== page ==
Saturday, 30 November 2013


One of the options within the recently published Stevens report into Policing was the suggestion of a single unified police service for all of Wales as has happened recently in Scotland (in April 2013). There are some merits to this idea, including various economies of scale, potential cost savings and the possibilities of concentrating resources to develop all Wales approaches to drugs, car crime, human trafficking, amongst other things. That said I think that we have however, passed the point where Westminster can simply make and implement decisions about the structure and organisation of policing in Wales let alone decide what our policing priorities are. However, our police services are organised on a fundamental level local accountability of Policing are paramount especially if we are to uphold the public’s confidence in the police service. Welsh police forces are working their way through some significant budget cuts, some of which could have some long term consequences for the way our communities are policed. One consequence of policing and policing priorities being decided by the Ministry of Justice is that of policing resources being pulled from one area of Wales to another resulting in some parts of our country ending up with pretty minimal Police coverage, something that is unacceptable. Whatever the merits or perhaps not, of a single all Wales Police service to one side we need a Policing structure that is fully accountable to our communities needs rather than those of the Ministry of Justice. The old local authority policing committee structures failed to deliver proper accountability. At a very basic level Policing needs to be accountable to the people of Wales, both locally and nationally, so before any future decisions on the shape of Policing in our country are made, control of Policing and Criminal Justice needs to be devolved to Wales.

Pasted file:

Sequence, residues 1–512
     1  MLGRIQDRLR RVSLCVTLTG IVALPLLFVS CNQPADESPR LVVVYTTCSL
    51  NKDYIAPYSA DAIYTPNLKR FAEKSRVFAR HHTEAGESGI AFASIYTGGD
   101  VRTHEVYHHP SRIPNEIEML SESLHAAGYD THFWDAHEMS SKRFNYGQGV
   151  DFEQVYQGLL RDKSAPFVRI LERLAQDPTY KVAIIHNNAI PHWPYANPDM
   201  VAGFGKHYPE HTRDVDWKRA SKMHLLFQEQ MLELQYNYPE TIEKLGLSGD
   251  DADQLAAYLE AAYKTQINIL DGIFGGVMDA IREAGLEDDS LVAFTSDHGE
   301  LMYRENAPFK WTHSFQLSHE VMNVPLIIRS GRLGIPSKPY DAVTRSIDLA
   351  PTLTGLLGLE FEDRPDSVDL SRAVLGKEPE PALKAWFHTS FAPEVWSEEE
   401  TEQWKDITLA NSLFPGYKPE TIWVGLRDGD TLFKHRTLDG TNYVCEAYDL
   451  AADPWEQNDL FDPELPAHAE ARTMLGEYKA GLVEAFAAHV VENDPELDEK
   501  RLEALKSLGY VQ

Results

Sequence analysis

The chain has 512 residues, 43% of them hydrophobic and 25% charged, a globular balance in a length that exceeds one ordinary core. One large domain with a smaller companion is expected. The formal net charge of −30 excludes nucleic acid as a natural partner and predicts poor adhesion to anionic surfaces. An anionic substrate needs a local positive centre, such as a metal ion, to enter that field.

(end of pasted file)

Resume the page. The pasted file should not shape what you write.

1 comment:

  1. Criminal Justice does need to be devolved, the Police and Crime Commissioner experiment has been a failure - however I do not think a single Policing Wales is the answer either. Police accountability is best served by local police services, accountable to local political structures. The old nominated police authorities just increase the power of patronage of party leaders. What I'd suggest is a rationalisation of the tier of unelected quangos and joint boards that are proliferating.

    7 health authorities, 3 fire authorities, 4 education consortia, 4 police regions, transport consortia etc....

    I'd replace all these bodies by directly elected regional authorities, 5 in all, taking in education, transport and waste disposal in addition. Revitalise democracy and create a strong tier of regional government - even decentralise some decision making from the National Assembly to the regions. Continue the existing counties as districts, in short a return to the two tier system we had before but democratise the quango state that is expanding.

    For the police accountability can be three fold, local watch committees based on the current counties where divisional commanders would present their policing plans for scrutiny. The Regional Authorities, that would replace the existing Police Commissioners, responsible for hiring the chief constable and setting the budget and the broad parameters of police priorities. And an all Wales serious crime and criminal intelligence unit reporting directly to the Welsh Minister for Criminal Justice.